The report explains that there are already four land-based NETs that are ready for deployment: reforestation; changes in forest management; changes in agricultural practices that enhance soil carbon storage; and bioenergy with carbon capture and sequestration. These technologies are competitively priced with other emissions mitigations strategies, however they also each come with their own set of downsides. The report also examines direct air capture and coastal blue carbon as two additional NETs with strong potential capacity to remove carbon, but explains that these two technologies are currently limited by high costs.

To read the report in full, click here:


The National Science Foundation (NSF) recently announced its new Quantum Computing and Information Science Faculty Fellows (QCIS-FF) program aimed at developing a “well-trained workforce capable of pursuing advanced research and development in quantum technologies.” The goal of the program is to grow the academic research capacity of America’s workforce in advanced quantum computing and/or communication. The program aims to accomplish this through more targeted hiring of tenure-track and tenured educators in quantum computing.

The QCIS-FF program is part of NSF’s 10 Big Ideas initiative that started in 2016. The initiative is a set of 10 long-term research and process ideas that identify areas for future investment at the frontiers of science and engineering. The QCIS-FF program falls under the “Quantum Leap: Leading the Next Revolution” goal that seeks to advance quantum technologies, including quantum computing, quantum communication, quantum simulations and quantum sensors. Quantum science has seen an elevated profile in recent months with the Trump administration listing it as a top priority following a summit on the topic earlier this fall. The NSF has already granted $31 million in awards through the Research Advanced by Interdisciplinary Science and Engineering (RAISE)-Transformational Advances in Quantum Systems (TAQS) effort and $6 million for quantum research and technology development as part of the RAISE-Engineering Quantum Integrated Platforms for Quantum Communication (EQuIP) effort.

Funding for the QCIS-FF program includes full academic year salary plus benefits of newly hired tenure-track or tenured faculty for up to three years. Proposals must specifically address the following points:

  • The commitment of the department, school, and university to building, growing, and sustaining a long-term interdisciplinary effort in QCIS;
  • The integration of the quantum faculty with the rest of the department;
  • How the new hire enhances cross-departmental research collaborations such as those across physics, mathematics, material sciences, electrical engineering, and computer and information science;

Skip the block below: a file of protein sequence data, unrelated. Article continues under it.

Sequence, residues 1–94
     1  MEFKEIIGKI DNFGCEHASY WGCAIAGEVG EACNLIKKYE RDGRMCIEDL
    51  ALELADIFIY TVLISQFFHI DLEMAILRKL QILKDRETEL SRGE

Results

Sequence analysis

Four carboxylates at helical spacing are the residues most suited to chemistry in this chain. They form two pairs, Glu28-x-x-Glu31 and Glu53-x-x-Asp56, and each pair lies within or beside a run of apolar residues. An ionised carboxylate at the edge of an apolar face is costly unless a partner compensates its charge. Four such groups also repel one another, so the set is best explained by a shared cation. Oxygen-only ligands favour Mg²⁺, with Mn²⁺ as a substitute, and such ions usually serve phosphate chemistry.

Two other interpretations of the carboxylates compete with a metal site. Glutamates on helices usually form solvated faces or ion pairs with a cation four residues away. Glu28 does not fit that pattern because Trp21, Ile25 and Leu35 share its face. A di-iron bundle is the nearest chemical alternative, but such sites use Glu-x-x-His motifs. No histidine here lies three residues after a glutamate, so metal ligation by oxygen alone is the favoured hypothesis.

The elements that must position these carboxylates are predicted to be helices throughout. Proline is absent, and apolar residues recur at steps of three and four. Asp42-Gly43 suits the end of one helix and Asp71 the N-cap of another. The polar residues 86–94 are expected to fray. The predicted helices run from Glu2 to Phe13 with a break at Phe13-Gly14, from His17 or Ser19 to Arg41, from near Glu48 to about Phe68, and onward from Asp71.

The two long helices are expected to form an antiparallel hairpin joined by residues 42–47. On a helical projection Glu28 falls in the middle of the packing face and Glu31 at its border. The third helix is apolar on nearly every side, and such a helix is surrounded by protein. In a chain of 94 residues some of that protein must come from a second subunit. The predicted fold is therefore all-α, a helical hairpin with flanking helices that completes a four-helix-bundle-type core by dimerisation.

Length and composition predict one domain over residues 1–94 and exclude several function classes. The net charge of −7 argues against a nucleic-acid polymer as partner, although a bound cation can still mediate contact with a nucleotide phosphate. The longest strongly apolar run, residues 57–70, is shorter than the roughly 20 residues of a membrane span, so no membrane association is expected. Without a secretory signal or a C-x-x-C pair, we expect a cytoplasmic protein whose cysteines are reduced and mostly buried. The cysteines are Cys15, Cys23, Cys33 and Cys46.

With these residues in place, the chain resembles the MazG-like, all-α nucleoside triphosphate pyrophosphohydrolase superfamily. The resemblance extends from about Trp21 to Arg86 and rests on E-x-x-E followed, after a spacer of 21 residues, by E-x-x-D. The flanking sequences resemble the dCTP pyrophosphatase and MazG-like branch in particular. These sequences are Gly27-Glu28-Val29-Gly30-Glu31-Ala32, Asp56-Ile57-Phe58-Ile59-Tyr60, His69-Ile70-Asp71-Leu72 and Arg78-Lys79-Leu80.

• How the new hire enables creation and support of educational programs in QCIS, including cross-disciplinary course offerings at both the undergraduate and graduate levels.

For further information about the QCIS-FF program and to apply, click here:

For further information about the NSF’s 10 Big Ideas Initiative, click here:


The Department of Energy (DOE) recently announced the launch of its Water Security Grand Challenge in partnership with the Environmental Protection Agency (EPA) to advance transformational technology and innovation to meet the global need for safe, secure, and affordable water.

“The Grand Challenge will incentivize new technologies aimed at solving one of the most important global challenges of our time – providing access to clean, safe, and secure water,” said EPA Acting Administrator Andrew Wheeler. “EPA looks forward to partnering with DOE to help bring clean and safe water to communities across the country and find innovative ways to transform non-traditional water sources into resources.”

Through a series of prizes, competitions, early-stage research and development opportunities and other programs, the Water Security Grand Challenge hopes to accomplish the following goals for the U.S. by 2030:

  • Launch desalination technologies that deliver cost-competitive clean water
  • Transform the energy sector’s produced water from a waste to a resource
  • Achieve near-zero water impact for new thermoelectric power plants, and significantly lower freshwater use intensity within the existing fleet
  • Double resource recovery from municipal wastewater
  • Develop small, modular energy-water systems for urban, rural, tribal, national security, and disaster response settings.

For more information about the Water Security Grand Challenge, click here:


The Kidney Innovation Accelerator (KidneyX), a partnership between the U.S. Department of Health and Human Services (HHS) and the American Society of Nephrology (ASN) recently announced a new prize competition. The “KidneyX: Redesign Dialysis” is a competition to identify new solutions that can replicate the functions of a healthy kidney and provide patients with an alternative to dialysis.

The competition is comprised of two phases, with phase looking for potential solutions or components of solutions, and phase two looking for the demonstration of a prototype solution or component. Solutions must address a minimum of one of the following areas:

  • Replication Kidney Functions
  • Improving Patient Quality of Life
  • Improved Renal Replacement Therapy Access
  • Addressing Engineering Challenges
  • Ancillary Technologies
  • Biomaterials Development
  • Biological and Immunological Modulation
  • Biosensor Development and Other Safety Monitoring Functions

There can be up to 15 winning entries for phase I, with prizes of up to $75,000 each. Phase II will have up to three winning entries with prizes of up to $500,000. The submission period for the competition will end on February 28, 2019 at 5pm.

For more information on the competition, click here: